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When dentist completes marathon, he’s already at Disney World

February 19, 2019

By David Burger

Dr. Alan Young running
The Force: With a “Star Wars” hero on his heels, Dr. Alan Young runs the Disneyland Marathon in 1995.

Orlando, Fla. — When visiting Walt Disney World, it can feel draining keeping your kids in tow, enduring long lines and making it to all the rides by the time either the park closes or when exhaustion sets in.

It feels like a marathon.

For Dr. Alan Young, an actual, literal marathon at Disney World is ideal for what has become, for him and his wife, The Happiest Place on Earth.

The California dentist has run more than 200 half-marathons and 62 full marathons. But the crowning achievement is that he believes he is the only person who has completed all 26 Disney World marathons over a 25-year-span as well as the only one at Disneyland in 1995.

He has been recognized by runDisney for his commitment and endurance and has no plans on stopping now.

“I have been a fan of the Disney movies, theme parks and grew up with the Mickey Mouse Club,” Dr. Young said. “I would like to participate for as long as physically able. There are participants into their 80s and hope to be one of them.”

“We both moved with our family to California at a young age,” said Dr. Young’s wife, Grace. “Getting to go to Disneyland made a life-long impression.”

Once Dr. Young ran the first Disney World marathon in 1994, he and Grace, also a runner — having completed 22 of the Disney World full marathons and 39 total marathons to date — were hooked.

“The Disney races are high-quality and accommodate runners of various abilities,” Dr. Young said. “Disney World races are run entirely on their property.  The marathon course has well-controlled roads, goes through the ESPN complex and the four theme parks. There is support and entertainment for every runner. Jon and Betsy Hughes, the race director and his wife, and the whole Disney team have done a spectacular job of envisioning and developing the races.”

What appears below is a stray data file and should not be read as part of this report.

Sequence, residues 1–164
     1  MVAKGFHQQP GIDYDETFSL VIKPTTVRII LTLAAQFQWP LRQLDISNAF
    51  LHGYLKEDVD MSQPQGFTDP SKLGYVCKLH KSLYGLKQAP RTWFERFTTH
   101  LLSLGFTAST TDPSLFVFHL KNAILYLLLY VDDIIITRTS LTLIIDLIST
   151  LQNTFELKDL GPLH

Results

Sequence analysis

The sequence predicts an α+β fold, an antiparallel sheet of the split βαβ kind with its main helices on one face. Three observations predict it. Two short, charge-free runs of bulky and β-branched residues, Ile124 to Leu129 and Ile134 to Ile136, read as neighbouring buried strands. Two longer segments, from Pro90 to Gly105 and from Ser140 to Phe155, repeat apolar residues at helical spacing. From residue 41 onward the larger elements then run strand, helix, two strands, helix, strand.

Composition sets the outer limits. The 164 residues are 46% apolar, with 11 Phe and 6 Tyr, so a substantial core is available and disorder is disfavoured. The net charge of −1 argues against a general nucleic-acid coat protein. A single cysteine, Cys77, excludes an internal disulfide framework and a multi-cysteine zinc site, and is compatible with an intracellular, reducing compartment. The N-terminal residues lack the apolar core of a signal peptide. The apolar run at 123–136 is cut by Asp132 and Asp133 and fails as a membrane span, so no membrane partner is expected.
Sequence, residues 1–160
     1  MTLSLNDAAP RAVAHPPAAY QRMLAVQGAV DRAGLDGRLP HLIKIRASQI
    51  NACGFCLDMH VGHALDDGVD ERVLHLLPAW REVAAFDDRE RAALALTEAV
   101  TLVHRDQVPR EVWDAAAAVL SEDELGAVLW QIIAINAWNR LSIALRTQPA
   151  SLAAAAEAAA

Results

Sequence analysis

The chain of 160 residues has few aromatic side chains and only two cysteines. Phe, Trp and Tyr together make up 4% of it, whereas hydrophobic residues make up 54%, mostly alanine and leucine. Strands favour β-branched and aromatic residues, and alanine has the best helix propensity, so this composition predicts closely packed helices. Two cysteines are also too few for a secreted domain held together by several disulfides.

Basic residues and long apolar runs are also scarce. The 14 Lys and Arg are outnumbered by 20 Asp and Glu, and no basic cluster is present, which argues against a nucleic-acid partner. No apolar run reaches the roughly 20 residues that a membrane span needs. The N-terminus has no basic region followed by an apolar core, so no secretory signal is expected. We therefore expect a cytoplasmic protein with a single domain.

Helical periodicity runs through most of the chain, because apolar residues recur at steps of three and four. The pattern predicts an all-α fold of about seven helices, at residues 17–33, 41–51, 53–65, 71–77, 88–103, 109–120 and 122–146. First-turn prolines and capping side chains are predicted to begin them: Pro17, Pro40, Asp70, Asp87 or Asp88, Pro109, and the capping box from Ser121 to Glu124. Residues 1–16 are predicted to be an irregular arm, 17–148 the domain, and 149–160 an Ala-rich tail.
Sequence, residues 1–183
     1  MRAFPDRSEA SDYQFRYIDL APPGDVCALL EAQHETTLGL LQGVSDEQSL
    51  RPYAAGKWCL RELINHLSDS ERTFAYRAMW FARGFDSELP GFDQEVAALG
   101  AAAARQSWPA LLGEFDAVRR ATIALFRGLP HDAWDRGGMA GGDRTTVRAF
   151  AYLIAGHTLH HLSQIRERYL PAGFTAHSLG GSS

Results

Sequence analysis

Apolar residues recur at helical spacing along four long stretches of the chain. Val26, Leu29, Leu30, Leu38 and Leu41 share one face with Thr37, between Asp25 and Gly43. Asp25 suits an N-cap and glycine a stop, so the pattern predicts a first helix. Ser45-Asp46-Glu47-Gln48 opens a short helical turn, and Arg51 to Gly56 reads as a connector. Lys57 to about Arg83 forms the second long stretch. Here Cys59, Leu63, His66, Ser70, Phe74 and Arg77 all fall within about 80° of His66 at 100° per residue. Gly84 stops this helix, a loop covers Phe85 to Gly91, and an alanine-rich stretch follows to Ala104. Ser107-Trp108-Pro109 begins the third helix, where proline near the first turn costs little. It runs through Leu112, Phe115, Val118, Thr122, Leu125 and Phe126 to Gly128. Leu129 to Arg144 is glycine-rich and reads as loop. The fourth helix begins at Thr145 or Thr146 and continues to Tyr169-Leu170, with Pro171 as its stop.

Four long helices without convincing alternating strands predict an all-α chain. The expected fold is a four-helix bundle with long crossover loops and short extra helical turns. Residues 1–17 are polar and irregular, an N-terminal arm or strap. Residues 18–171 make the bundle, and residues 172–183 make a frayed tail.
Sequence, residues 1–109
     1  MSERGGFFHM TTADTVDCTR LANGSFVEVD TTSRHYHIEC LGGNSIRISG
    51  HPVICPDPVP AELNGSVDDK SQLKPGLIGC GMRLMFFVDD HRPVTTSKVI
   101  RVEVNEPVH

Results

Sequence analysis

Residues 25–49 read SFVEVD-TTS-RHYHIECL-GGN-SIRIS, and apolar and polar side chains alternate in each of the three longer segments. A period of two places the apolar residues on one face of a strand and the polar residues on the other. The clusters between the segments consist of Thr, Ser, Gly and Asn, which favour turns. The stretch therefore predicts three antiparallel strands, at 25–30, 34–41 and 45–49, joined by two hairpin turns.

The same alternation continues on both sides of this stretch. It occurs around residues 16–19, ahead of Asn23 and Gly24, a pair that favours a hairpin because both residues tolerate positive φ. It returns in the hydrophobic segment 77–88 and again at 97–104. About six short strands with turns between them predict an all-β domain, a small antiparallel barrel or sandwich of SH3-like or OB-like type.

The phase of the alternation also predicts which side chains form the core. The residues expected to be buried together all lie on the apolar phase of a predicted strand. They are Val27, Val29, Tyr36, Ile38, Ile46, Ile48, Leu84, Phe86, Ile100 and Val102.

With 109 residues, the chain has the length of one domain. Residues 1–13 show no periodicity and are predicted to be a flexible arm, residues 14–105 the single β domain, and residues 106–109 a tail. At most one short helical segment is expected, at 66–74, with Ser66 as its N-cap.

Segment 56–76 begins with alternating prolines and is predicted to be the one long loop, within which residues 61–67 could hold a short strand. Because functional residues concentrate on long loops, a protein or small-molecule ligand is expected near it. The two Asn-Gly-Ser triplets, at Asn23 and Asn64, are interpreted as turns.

Ms. Young said other highlights of the Disney World marathons include the chocolate stop at mile 23 and a full-robed gospel choir a few hundred yards from the finish line.

“We have run a lot of races, but acknowledgement of the first 10 years with a Mickey Mouse statue really made the legacy runners of the Walt Disney World Marathon feel special,” Ms. Young said.

Missing one wasn’t an option for Dr. Young. In 2013, he tore a hamstring in the November before the January race.  “The last weeks of training were limited to walking,” he said. “Literally, I did not start running until race day.  I did not know what the outcome of the day would bring and was never so happy to see the finish line.”

Jon A. Hughes, director of Disney Marathon/runDisney, applauded both Dr. Young’s efforts and character. “As race director for the Walt Disney World from the very beginning, I can confirm that Alan Young has completed all 26 Disney marathons,” he wrote in an email to ADA News. “Alan’s commitment to run every marathon has been unwavering. He has run the event in all types of weather conditions, from temperatures in the 80s to, yes, even sleet and snow one weekend here in Florida. But not only has he battled the elements, he has had to overcome injuries and push through physical pain. If you are a marathoner you know that there are mental and emotional barriers that only get more challenging as one gets older. It is obvious that Alan is a dedicated runner who is mentally tough and physically fit. But he is also one of the kindest, most caring individuals you could ever meet.”

When Dr. Young began his California practice in 1981, he felt stressed out about the overwhelming aspects of starting off on his own. So Dr. Young took up running to relieve the stress and also, as he said, because “Putting on a pair of running shoes was convenient and inexpensive.”

Dr. Alan Young and his wife, Grace
Haul: Dr. Alan Young and his wife, Grace, sit with some of the medals he has won since starting competitive marathon running.
In 2018, Dr. Young retired but still practices two days a week in he and his wife’s new home in coastal Seal Beach, California. Living in the Golden State has made it possible for him to train year-round, he said. “Running gives the opportunity to exercise, socialize and have contemplation time,” he said. “It is a good way to blow off steam. Fortunately, we live in an area with weather more favorable. We do not gear up for specific races, but are continually training. As soon as an event is over, we just move on to the next.”

Dentistry has a lot in common with running, Dr. Young said. “In my career since 1979 and a runner, there have been tremendous advances in technology and an increased appreciation for how vital a healthy dentition and physical activity is in an individual’s overall well-being.”

He continued: “When I started running, I never imagined the impact the activity would have in my life and career.”

Dr. Young and his wife are living happily ever after.